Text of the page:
Case Western Reserve University School of Law  

Thursday, March 22nd, 2007 5:29 pm | Posted in: Law Blog, Counterterrorism | Trackback | 0 Comments
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ICC prosecutor says Bush, Blair could face war crimes investigation

by Greg McNeal


Writing in the comments, GoochE320 says: “You should elaborate on what you mean by ’sovereignty issues.’…”

First off, thanks to GoochE320 who is our first commenter!  Welcome aboard, tell your friends about us, etc. 

Indeed, let me clarify.  The sovereignty issues I refer to are U.S. notions of sovereignty.  The very American idea that foreign governments/institutions will not tell the U.S. how to conduct its affairs–including who we prosecute or don’t prosecute.  I’m not taking a position on this notion here, other than to say that it is a real one which could pose an obstacle to the U.S. handing over a former President.  Some representative concerns voiced by U.S. ICC opponents are best summed up here:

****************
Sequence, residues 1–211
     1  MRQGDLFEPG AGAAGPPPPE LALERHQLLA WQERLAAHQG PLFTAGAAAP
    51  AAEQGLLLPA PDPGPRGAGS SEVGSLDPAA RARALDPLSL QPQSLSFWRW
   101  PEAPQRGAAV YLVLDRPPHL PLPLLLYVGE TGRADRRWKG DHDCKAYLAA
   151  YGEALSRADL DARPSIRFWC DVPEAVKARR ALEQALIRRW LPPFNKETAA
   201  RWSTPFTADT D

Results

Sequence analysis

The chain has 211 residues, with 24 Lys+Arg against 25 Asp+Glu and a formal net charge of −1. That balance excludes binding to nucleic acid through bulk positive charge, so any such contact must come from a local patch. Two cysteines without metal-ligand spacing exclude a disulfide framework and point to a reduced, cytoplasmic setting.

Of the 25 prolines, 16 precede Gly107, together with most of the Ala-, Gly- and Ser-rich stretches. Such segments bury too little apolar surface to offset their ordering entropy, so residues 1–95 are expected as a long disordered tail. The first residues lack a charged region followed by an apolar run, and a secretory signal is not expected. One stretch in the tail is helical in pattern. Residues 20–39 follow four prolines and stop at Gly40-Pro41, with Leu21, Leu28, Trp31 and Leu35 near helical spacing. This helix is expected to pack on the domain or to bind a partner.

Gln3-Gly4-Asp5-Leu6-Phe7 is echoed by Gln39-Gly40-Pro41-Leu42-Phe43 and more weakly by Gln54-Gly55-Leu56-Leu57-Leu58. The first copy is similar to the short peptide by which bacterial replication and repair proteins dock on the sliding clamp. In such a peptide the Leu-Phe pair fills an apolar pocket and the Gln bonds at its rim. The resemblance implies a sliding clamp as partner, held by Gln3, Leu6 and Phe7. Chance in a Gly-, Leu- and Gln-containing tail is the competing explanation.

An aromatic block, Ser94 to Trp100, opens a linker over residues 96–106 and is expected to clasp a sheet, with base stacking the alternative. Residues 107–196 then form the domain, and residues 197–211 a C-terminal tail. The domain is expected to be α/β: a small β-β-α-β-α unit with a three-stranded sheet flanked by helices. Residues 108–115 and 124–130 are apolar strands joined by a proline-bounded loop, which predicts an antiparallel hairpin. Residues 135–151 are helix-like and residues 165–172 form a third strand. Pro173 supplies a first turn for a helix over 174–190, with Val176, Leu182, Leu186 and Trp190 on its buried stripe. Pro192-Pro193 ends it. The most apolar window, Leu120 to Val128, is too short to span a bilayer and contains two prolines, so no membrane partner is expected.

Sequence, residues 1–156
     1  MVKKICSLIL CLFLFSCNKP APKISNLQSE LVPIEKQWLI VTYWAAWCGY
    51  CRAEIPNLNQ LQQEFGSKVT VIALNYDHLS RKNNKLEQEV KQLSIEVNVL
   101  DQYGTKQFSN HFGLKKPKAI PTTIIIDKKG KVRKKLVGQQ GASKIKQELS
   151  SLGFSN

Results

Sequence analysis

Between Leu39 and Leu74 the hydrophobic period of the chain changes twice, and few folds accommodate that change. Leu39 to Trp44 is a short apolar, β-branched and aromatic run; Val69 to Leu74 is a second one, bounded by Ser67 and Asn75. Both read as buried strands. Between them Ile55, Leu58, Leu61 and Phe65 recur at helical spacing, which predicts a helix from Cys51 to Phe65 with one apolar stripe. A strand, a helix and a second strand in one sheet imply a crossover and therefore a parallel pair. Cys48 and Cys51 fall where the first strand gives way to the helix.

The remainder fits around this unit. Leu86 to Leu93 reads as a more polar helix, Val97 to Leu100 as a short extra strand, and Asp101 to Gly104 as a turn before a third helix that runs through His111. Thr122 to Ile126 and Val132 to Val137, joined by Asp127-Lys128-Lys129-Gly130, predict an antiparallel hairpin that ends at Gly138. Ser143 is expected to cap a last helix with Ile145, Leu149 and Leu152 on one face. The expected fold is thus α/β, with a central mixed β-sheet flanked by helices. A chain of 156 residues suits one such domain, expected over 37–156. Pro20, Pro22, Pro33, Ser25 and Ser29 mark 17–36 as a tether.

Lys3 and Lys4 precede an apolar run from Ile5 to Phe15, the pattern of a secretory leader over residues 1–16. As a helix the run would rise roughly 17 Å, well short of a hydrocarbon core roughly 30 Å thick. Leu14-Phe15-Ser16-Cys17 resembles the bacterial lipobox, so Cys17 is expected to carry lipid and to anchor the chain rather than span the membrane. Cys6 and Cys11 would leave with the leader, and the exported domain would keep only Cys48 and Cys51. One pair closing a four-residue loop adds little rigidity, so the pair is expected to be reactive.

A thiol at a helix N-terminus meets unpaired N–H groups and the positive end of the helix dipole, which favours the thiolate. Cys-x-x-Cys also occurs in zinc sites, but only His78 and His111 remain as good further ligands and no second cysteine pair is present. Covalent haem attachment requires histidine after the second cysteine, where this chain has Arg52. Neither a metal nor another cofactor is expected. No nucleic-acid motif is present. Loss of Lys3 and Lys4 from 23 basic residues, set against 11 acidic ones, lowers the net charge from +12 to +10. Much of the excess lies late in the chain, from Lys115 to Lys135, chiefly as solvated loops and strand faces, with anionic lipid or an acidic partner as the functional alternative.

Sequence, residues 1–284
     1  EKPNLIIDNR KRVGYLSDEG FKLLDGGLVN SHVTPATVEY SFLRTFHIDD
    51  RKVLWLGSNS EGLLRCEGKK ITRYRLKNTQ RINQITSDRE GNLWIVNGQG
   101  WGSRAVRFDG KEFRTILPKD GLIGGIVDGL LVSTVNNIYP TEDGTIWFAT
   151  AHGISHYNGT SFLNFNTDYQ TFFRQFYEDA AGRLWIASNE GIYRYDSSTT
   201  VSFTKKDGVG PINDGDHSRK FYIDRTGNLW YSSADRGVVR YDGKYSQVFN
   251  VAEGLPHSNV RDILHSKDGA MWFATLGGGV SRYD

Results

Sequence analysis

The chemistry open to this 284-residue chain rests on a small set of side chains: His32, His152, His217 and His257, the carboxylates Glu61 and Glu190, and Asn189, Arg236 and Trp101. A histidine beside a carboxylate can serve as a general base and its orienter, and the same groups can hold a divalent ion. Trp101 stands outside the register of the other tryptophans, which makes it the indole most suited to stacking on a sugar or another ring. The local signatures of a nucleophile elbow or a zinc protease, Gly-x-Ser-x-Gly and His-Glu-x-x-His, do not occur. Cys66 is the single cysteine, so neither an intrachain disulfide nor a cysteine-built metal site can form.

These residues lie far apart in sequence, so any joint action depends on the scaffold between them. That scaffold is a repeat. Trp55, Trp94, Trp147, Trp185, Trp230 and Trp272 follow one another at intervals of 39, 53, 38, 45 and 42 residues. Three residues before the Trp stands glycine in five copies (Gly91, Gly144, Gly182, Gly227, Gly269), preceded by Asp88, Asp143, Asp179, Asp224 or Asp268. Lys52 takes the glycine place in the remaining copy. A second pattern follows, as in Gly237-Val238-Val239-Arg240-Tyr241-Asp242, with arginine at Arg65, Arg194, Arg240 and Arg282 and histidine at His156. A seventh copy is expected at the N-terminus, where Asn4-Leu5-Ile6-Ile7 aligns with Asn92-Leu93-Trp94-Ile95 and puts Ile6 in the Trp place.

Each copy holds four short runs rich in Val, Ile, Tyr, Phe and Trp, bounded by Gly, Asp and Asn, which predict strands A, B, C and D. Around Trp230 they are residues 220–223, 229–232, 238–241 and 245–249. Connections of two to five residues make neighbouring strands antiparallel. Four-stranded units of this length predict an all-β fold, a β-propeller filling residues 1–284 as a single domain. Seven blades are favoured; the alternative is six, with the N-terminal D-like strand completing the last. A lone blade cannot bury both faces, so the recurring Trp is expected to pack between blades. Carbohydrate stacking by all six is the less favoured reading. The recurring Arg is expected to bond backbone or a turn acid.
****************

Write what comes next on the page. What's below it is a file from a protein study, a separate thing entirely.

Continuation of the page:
Given the importance of the United States in promoting world security and keeping in mind our national security interests, the United States has been and should continue to be concerned with the adverse effects that the ICC, as currently proposed, might have on our foreign policy decisions and the threat of ICC prosecution facing everyone in our military chain of command, from the President as Commander-in-Chief to our soldiers, sailors, airmen and marines who carry out American military operations. In addition to these compelling foreign policy and national security concerns, the ICC poses a serious concern under the U.S. Constitution.

I use the term “sovereignty issues” to sum up the concerns of opponents. 

According to a Jurist report:

US President George Bush and UK Prime Minister Tony Blair may one day face war crimes charges before the International Criminal Court (ICC) at The Hague, according to ICC Chief Prosecutor Luis Moreno-Ocampo.  Moreno-Ocampo said Sunday that the ICC could investigate allegations of war crimes stemming from the conduct of coalition forces in Iraq, so long as Iraq agrees to ratify the Rome Statute and accede to ICC jurisdiction.

A related Telegraph report states: “Luis Moreno-Ocampo urged Arab countries, particularly Iraq, to sign up to the court to enable allegations against the West to be pursued.” 

Back in 2002, Kenneth Roth of Human Rights Watch predicted such a possibility, although he was speaking more about British troops than Tony Blair himself: